For DSquared's last fashion show in September, they had models strolling up the catwalk with smudged make-up, in mud-splattered jeans and holding bottles of Heineken.
It was like being transported straight to Glastonbury.
And just six months on, the Canadian designers have again taken a leaf out of Kate Moss' book by getting their models to walk down the runway in Milan holding cigarettes.
Inappropriate or inspired? Models at the DSquared fashion show in Milan
Ms Moss famously smoked at a Louis Vuitton show this time last year - flouting an indoor smoking ban in Paris.
And a similar ban in Italy perhaps explains why the cigarettes held by DSquared models were mainly used as accessories. The women modelling brothers Dean and Dan Caten's Sixties-inspired outfits rarely brought the cigarettes anywhere near their mouths.
The same cannot be said for Zombie Boy, Lady Gaga's friend who was sitting in the front row.
Everyone's at it: Model Rick Genest, aka Zombie Boy, was smoking too - from the front row
The tattoo-covered 26-year-old puffed away before the show as he posed for photographers.
It really did seem like the whole show was geared up to give the message that smoking is cool.
Or perhaps it was all just an homage to Mad Men?
Interesting accessorisation: The models were smoking through elaborate cigarette-holders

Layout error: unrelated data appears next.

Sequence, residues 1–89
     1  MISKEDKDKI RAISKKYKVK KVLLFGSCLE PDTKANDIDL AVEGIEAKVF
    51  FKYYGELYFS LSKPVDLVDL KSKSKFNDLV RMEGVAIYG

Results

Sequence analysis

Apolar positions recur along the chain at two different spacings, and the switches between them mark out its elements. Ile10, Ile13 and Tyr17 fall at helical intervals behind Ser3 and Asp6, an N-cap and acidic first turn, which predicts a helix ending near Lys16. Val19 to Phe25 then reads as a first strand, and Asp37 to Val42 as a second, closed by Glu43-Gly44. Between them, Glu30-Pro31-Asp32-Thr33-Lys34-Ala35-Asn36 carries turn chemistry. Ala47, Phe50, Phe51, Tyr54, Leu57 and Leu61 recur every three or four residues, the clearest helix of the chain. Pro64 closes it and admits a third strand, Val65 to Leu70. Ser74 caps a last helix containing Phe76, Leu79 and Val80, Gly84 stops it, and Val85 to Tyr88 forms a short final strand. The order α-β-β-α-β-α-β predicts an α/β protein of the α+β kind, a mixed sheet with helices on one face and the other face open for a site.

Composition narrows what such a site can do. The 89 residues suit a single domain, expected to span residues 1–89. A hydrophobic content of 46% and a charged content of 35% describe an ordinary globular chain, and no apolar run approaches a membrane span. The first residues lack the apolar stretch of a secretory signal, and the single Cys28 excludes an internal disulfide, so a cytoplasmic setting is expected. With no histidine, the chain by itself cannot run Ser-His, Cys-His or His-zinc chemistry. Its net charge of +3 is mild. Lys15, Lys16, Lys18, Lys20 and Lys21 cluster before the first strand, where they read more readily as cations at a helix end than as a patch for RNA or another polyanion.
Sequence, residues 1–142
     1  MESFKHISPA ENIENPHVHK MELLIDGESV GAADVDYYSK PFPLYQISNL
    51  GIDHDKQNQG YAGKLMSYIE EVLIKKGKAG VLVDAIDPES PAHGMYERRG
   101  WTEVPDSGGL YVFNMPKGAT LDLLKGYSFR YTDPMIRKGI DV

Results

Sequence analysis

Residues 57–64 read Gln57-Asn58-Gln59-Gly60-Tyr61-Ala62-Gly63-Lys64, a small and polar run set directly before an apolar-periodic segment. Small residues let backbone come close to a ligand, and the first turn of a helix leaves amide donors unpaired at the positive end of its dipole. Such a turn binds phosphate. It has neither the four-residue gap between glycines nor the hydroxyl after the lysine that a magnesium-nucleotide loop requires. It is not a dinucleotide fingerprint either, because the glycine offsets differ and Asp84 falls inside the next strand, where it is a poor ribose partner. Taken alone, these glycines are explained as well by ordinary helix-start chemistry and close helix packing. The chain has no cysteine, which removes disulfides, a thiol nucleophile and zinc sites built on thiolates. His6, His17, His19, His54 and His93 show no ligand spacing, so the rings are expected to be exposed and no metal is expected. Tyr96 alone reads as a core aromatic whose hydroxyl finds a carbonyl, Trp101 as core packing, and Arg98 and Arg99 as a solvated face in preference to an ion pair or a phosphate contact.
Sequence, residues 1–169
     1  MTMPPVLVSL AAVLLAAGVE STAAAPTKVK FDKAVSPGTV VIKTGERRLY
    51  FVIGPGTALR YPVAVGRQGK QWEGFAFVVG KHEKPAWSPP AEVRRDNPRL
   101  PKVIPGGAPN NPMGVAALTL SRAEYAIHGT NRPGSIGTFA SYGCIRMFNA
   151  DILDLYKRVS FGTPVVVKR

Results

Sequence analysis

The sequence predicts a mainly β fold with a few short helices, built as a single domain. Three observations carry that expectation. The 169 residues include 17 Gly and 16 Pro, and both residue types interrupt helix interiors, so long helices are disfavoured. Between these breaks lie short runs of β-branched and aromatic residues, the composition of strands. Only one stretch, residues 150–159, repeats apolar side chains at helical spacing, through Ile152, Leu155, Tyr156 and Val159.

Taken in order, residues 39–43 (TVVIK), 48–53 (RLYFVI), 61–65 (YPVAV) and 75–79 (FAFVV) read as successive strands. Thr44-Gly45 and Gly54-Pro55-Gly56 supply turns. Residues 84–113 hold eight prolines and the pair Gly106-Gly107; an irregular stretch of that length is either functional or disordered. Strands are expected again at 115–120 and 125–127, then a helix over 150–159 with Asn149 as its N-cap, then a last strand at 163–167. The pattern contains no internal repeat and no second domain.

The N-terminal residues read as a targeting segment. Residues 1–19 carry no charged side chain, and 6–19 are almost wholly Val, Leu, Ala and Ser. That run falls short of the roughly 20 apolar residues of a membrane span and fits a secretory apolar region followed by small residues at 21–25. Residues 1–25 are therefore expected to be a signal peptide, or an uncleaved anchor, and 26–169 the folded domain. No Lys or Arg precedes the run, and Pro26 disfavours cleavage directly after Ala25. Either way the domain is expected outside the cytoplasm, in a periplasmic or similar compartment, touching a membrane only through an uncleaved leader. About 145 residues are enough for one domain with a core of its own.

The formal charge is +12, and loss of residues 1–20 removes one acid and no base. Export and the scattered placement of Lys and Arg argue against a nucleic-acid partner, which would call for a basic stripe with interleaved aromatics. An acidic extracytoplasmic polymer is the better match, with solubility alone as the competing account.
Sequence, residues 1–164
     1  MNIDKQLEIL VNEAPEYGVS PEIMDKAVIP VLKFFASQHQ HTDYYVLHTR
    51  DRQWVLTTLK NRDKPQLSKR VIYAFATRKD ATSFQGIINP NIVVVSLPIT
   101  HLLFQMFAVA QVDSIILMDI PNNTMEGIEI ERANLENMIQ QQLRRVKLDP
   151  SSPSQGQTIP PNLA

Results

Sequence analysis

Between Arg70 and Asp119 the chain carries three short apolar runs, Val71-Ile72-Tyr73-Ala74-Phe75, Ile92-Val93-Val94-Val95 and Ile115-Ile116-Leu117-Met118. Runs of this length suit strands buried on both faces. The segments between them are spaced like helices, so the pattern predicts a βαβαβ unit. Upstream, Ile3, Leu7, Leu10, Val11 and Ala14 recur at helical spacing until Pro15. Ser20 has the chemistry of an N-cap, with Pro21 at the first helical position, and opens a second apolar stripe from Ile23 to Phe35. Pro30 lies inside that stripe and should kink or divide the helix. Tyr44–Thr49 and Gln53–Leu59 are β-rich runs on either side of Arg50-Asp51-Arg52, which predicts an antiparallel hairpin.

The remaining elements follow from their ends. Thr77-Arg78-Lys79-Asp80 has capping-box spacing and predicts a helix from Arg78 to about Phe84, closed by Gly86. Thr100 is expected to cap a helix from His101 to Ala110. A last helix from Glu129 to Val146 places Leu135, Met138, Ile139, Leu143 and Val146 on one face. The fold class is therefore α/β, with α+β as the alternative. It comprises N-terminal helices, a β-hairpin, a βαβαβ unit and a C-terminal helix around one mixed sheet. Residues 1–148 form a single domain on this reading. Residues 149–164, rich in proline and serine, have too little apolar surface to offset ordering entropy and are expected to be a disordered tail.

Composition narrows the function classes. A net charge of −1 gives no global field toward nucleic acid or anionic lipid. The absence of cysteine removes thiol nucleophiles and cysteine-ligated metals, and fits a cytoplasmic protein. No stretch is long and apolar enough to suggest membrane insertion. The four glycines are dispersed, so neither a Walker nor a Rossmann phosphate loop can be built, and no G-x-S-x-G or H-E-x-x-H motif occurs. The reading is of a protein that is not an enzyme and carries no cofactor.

Sixties: The DSquared clothes showed off simple and sophisticated cuts
In the American TV series about the advertising industry that is firmly set in the Sixties, all the protagonists smoke away at their desks.
And many of the more sophisticated outfits being paraded down the catwalk in Milan wouldn't have looked out of place on Betty, Peggy or Joan.
Even those wearing more modern, casual outfits including DSquared staples, distressed skinny jeans and sweatshirts, were styled with beehive hairdos and Sixties-style make-up.
Going with the times: Smoking was a lot more acceptable in the Sixties than it is now
Family-affair: Dean and Dan Caten, the Canadian brothers behind DSquared's designs - and the models in the show's school hall setting behind
Smoking break's over: The models doing their final turn during the show in Milan today
But it is the cigarettes the models were carrying that will make the most lasting impression - particularly as the show had a rather inappropriate school hall-style setting and many of the models must still be in their teens.
Let's hope that that smoking is one fashion trend that will not catch on.
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